By Saksham Mishra Dec. 17, 2019
Considering the scale of the student protests against CAA, how come none of Bollywood’s “A-listers” have made official statements yet? Sushant Singh, who resigned from “Savdhaan India” a day after he joined, the protests may offer a clue.
India is burning, as protesting students from across the country gather for a third day to raise their voice against the establishment, and its recently introduced Citizenship Amendment Act. And the clampdown that has followed since, has been brutal. Just a quick browse through the videos showing policemen hitting students with lathis in Delhi yesterday should be enough to send shivers down anyone’s spine. The ferocity used by the officers as they storm the campus of Jamia Millia Islamia University is frightening and rage-inducing in equal measure.
Faced with these alarming visuals, Indians from all walks of life have banded together, and have been venting their anger and frustration on social media — with protest hashtags regularly finding a place in the top trends. But in all this, one can’t help but wonder what one highly influential section of society – Bollywood – has to say about the CAA protests.
Unfortunately, you aren’t going to find much in this regard. There have been a few posts of solidarity — Anurag Kashyap, Neeraj Ghaywan, Anubhav Sinha, Swara Bhaskar, Richa Chaddha and Manoj Bajpayee have all tweeted in support of the students. Meanwhile, actor and TV presenter Sushant Singh (the former Savdhaan India host) went a step ahead of playing armchair revolutionary and joined the protests on the ground, at yesterday’s gathering at Mumbai University’s Kalina campus.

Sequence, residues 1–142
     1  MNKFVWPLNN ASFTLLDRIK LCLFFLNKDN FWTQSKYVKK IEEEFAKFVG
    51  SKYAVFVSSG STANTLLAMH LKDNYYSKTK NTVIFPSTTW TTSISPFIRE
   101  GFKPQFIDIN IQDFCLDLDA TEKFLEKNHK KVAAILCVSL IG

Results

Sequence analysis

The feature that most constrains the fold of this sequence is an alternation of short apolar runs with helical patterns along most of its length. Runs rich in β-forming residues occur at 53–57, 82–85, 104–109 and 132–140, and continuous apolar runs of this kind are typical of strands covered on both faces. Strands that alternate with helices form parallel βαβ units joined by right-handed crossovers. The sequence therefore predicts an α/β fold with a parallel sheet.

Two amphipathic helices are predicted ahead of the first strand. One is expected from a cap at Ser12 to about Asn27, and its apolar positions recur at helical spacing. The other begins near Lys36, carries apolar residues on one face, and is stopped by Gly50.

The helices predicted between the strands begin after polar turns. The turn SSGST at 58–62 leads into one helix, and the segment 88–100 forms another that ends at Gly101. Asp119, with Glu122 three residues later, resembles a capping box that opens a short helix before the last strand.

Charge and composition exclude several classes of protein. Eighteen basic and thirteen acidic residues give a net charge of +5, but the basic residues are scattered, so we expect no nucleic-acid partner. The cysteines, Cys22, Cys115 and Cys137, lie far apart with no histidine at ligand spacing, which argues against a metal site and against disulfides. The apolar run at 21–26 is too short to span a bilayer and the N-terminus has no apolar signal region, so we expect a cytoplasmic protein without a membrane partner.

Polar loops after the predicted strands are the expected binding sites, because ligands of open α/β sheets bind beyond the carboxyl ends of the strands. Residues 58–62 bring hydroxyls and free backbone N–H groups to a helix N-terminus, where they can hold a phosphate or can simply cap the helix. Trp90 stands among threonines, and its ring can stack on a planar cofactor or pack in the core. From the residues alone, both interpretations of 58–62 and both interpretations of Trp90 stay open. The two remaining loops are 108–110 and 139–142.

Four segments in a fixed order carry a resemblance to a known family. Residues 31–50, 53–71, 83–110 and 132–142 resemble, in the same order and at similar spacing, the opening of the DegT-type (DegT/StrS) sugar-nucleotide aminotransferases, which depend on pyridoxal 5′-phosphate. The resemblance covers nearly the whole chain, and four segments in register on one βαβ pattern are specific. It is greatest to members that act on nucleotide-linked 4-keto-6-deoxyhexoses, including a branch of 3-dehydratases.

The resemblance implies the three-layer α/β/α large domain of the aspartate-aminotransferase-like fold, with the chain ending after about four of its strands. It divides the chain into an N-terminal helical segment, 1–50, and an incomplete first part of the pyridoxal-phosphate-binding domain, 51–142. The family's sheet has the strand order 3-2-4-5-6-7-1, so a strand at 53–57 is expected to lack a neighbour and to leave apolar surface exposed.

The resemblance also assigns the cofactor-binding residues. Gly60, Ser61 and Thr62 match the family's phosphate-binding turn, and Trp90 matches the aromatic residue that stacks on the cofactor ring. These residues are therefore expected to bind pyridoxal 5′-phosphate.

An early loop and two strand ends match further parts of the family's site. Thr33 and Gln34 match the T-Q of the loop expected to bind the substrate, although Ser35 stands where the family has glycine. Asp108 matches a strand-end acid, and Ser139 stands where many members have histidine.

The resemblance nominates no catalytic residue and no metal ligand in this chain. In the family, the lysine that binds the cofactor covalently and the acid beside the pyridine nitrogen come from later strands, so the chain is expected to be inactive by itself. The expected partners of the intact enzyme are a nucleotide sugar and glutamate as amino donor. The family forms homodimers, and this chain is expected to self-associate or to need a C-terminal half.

So, considering the scale of the protests, how come none of the “A-listers” have made official statements yet? I find it baffling that while almost the entire country has focused its attention on the protests, that all top-brass B-town superstars have decided to remain tight-lipped. Or, have decided to offer milquetoast critiques of the violence – not against students of universities across India, but against two unfortunate buses in Delhi. Exhibit A. Exhibit B. Exhibit C.